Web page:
Aging Well: A Dignified Life book suggests different way to relate to Alzheimer's patients
Nearly 30,000 seniors in our state suffer from Alzheimer's disease, according to the Alzheimer's Association of Hawaii. An estimated 65,000 more people are caregivers for them. It's a draining responsibility, but a Alzheimer's expert says if you change the way you look at that role, it could make the job easier.
When David Troxel's mother developed Alzheimer's Disease, he underwent the difficult journey of watching her fade away. "I always tried very hard to not talk about her as though if she wasn't there. Throughout this journey and towards the end of life, I think there was still a person there beneath this cloak of dementia," Troxel reflects.
His mother died in 2009. Troxel put his experience into a book called A Dignified Life: The best friends approach to Alzheimer's Care. "This whole philosophy is about how you can help give a person with Alzheimer's a better life. You be a best friend to them. You use empathy, and humor and affection," he summarizes.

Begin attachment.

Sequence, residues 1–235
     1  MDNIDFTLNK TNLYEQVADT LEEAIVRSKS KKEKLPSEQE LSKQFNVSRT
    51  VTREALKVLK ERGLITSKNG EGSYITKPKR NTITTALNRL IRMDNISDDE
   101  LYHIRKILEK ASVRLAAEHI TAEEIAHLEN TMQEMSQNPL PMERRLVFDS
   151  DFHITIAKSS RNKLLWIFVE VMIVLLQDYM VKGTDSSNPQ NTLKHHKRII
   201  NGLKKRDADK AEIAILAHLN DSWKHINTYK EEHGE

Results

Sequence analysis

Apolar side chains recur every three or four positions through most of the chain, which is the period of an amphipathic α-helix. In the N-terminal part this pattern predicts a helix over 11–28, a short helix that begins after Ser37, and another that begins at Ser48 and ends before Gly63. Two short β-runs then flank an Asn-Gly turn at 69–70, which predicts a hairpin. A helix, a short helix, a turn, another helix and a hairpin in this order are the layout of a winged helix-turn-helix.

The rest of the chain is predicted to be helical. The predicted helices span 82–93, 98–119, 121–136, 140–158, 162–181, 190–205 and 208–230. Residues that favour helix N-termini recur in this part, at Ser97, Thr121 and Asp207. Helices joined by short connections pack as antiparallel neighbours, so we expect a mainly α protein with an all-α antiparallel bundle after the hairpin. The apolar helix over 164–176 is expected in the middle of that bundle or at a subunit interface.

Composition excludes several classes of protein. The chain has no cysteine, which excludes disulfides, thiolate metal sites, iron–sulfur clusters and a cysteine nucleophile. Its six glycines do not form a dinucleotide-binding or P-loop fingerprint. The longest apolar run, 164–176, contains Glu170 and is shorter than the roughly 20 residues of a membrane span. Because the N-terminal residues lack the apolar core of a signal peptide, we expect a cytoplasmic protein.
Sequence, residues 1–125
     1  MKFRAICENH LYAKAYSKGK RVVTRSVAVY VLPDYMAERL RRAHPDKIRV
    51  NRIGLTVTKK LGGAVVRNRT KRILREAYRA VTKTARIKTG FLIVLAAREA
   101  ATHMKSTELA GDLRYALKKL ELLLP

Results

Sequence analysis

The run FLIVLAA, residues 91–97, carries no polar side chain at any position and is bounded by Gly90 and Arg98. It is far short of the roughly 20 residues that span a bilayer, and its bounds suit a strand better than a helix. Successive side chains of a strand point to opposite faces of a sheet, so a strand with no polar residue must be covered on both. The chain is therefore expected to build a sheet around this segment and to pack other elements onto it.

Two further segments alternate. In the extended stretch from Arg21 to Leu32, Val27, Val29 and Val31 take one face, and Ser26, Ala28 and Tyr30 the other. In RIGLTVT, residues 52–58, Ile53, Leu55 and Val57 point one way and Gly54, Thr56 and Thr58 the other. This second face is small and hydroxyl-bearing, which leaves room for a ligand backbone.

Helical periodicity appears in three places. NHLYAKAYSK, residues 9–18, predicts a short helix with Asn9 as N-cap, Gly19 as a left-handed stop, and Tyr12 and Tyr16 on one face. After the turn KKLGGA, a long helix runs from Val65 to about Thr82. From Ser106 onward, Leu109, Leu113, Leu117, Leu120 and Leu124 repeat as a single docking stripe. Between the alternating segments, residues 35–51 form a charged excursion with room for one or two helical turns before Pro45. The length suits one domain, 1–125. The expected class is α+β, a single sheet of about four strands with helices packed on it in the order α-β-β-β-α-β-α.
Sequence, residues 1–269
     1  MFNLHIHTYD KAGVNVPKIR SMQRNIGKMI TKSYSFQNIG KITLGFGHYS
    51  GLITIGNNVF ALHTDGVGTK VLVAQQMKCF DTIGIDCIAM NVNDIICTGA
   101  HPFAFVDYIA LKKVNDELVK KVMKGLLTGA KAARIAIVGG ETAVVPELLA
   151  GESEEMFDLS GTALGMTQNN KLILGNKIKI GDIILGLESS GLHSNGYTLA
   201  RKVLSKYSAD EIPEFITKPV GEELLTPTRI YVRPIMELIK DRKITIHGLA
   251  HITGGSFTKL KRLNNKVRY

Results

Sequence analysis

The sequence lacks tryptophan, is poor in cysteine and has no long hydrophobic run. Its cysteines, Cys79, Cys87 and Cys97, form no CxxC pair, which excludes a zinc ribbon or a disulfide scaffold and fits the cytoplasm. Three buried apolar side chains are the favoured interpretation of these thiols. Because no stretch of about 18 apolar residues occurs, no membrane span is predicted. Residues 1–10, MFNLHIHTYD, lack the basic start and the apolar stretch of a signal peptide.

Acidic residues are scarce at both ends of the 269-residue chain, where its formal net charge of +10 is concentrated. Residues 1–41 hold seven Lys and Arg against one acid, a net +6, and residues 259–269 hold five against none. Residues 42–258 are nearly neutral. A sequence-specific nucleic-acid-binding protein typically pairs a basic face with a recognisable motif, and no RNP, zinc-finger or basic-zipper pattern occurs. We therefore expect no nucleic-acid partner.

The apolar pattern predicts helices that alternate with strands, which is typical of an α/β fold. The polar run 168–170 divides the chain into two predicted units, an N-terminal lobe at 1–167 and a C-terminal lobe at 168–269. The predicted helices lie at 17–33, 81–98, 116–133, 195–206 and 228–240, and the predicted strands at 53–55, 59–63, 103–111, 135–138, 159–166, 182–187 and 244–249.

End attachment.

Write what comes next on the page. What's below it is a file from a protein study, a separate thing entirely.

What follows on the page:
He and his coauthor Virginia Bell developed "The Best Friends Approach," which they detail in their book. In short, he urges you to relate to them like they were your best friend. "Friends will text each other. Friends will talk. Friends will have conversation," he lists.
But this will be a different kind of conversation. "Smile, use body language, handshakes, giving lots of compliments verbally, I think is powerful," he details.
Have empathy, he says, for what memory loss might feel like. Troxel likes it to "being a tourist in a foreign country where you don't know the customs, traditions, and language," sharing a stressful anecdote about being lost in Japan, running late for a meeting, and joking that he was about to have a nervous breakdown.
Troxel's point is, when someone with Alzheimer's can't speak well or remember things, you can stay patient. Troxel advises, "When mom says, 'That president Eisenhower is doing a great job!' You say, 'Mom, I like Ike, too,' and just kind of roll with it."
Ultimately, it's about treating your loved one with respect. Troxel concludes, "When you surround this person who has Alzheimer's or one of the other dementias with this caring approach, it can reduce the challenging behaviors, and foster cooperation and success."
Troxel says the Best Friends Approach can help create loving memories for both you and your loved one. More on the book at https://bestfriendsapproach.com/.